Biennale Architettura 2016

Reporting From The Front: the International Exhibition with 88 participants, 65 National Participations, 3 Special Projects, and 20 Collateral Events

Step Inside the National Pavilions

Chile - Biennale Architettura 2016

Against the Tide presents the efforts of a generation of young architects who have conceived, designed, and constructed works of architecture, while also handling financing and contracting for them, in order to earn their professional certification. All they have in common is that they belong to the Central Valley of Chile, where they have returned following their academic training to contribute to their communities, creating architectures which trace a filigree of places where the region’s campesinos and their families can live and work. These architectures have been erected with minimal resources, with the residues of agricultural processes and with readily available local materials, contributing value and inserting the territory into a global context through a regional—but not a costumbrista—approach. Out of this rural landscape and environment, in constant transformation due to agricultural activity and urban development, there emerges a series of pavilions, rest stops, miradors, lunch shelters, and plazas, or simply places for shade and social encounter, ephemeral or permanent, explicit of abstract. Against the Tide speaks of a contrary direction that things can take. This exhibition moves against the tide of those urban battles—perhaps more global in scope—waged to improve the quality of our built environment. It puts the accent rather on the customs and landscapes of the rural world, a world of fields and forests, helping through architecture to improve the everyday quality of life of its people.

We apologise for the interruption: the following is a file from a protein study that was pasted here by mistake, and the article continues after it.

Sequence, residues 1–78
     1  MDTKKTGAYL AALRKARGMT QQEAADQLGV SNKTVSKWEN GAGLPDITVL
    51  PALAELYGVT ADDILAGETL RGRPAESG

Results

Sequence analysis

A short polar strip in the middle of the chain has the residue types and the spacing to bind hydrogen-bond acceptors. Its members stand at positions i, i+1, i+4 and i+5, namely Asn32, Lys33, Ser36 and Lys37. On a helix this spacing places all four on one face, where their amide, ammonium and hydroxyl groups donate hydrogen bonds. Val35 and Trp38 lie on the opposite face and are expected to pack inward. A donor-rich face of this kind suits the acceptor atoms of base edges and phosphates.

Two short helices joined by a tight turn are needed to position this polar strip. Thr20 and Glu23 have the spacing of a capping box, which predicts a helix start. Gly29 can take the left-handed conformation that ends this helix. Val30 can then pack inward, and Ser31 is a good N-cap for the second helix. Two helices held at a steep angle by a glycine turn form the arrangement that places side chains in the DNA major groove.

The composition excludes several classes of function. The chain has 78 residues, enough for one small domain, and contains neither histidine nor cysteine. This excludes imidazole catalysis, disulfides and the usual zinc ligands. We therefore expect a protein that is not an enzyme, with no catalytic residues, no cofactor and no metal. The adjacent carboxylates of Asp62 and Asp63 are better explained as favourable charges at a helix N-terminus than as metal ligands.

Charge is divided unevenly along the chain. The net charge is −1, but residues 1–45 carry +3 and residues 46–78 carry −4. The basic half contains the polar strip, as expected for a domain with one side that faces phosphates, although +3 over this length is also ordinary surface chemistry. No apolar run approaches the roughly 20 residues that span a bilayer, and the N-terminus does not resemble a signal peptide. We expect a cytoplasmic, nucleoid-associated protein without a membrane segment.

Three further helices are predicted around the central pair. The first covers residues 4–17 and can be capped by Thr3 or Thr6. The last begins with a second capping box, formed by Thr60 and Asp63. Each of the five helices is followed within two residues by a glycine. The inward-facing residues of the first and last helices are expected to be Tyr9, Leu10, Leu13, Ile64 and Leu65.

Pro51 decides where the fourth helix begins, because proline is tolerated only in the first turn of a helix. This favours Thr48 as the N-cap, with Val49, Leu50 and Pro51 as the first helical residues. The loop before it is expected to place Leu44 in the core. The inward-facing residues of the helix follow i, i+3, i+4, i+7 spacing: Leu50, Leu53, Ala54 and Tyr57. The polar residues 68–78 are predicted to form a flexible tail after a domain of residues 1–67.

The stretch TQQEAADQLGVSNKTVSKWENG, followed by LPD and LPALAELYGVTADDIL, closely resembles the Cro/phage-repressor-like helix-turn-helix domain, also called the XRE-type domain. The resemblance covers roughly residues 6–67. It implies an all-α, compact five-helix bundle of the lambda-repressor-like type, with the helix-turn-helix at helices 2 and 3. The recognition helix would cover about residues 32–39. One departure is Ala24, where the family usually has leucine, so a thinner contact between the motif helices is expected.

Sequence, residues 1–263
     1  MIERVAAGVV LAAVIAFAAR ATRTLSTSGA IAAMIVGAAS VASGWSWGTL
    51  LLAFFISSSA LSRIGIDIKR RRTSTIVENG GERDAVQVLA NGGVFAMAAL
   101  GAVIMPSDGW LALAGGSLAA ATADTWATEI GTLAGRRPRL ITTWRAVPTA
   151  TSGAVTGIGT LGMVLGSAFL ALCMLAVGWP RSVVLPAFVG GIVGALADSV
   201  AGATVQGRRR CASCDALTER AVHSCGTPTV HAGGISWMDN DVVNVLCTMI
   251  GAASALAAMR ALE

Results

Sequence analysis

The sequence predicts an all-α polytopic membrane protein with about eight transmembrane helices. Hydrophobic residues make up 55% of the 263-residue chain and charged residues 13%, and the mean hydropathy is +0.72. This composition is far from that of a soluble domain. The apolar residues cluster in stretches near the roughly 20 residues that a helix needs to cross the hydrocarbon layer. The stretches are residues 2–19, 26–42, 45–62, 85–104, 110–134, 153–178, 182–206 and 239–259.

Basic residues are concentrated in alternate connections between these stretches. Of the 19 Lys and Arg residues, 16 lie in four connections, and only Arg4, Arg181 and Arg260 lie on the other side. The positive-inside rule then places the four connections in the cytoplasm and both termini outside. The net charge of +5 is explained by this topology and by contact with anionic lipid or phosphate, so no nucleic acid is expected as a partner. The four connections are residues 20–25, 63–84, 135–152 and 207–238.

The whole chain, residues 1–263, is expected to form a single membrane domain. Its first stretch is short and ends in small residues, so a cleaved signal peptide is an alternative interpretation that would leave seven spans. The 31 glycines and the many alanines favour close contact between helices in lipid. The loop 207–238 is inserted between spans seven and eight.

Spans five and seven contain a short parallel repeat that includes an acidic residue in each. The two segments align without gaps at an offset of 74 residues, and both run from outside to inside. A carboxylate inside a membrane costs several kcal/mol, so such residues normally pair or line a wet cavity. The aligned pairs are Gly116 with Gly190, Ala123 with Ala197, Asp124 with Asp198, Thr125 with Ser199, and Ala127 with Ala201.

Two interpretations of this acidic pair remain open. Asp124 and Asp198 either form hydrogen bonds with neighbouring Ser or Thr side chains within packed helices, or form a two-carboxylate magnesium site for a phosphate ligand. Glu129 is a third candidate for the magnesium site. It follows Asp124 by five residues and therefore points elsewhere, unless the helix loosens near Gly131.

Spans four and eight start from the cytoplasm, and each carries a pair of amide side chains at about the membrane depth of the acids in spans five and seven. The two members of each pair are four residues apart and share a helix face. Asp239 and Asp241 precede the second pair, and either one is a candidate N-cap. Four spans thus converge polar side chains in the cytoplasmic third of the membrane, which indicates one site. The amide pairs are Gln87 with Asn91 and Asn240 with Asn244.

Ireland - Biennale Architettura 2016

Losing Myself is the Irish entry to the Biennale Architettura 2016. The project is a collaboration between Niall McLaughlin and Yeoryia Manolopoulou, exploring dementia, architectural representation and the contrast between the architect's intention for a building and its subsequent inhabitation. Alzheimer's Disease is a form of dementia, one of a range of conditions that progressively degrade the synaptic connections within our brains. The condition erodes the ability to plan and to remember. It becomes gradually harder to situate yourself and to navigate your way in the world: two capacities central to the experience of architecture. We have worked for a decade, designing buildings for people with dementia. Losing Myself is a reflective report on the lessons we have learnt during this experience. We have been invited to represent Ireland at the 15th International Architecture Exhibition. Our response to the brief for the 2016 Biennale – Reporting from the Front – is an immersive installation in Venice that attempts to reflect on our own experience as architects working to ‘improve the quality of life while working on the margins, under tough circumstances, facing pressing challenges’. We have chosen the medium of a time-based projected drawing to embody our ideas. The drawing will reflect upon the way in which the human mind constructs intertwined representations of situation and memory: what the poet Philip Larkin calls ‘the million-petaled flower/Of being here.’ This website is a repository for our research. We are striving to expand our understanding and inform our practice, in the life of this project and into the future. Here, we will document a series of interdisciplinary conversations with experts across a range of fields – neuroscientists, psychologists, health workers, philosophers and anthropologists – as well as people with dementia and their families. We will collate stories of personal interactions with dementia. We will also record the process of developing our central Venice installation: drawing and making in collaboration with others. This mosaic of information is aimed not only at architects, but at anyone working in the field of dementia and individuals who deal with the condition day to day. Ireland at Venice is an initiative of Culture Ireland in partnership with the Arts Council. Losing Myself is supported by Culture Ireland; the Arts Council; the Royal Institute of the Architects of Ireland; the Department of Arts, Heritage and the Gaeltacht; the Bartlett School of Architecture, UCL; Online Reprographics and RTÉ Archives. To contact us, or to contribute a story: info@losingmyself.ie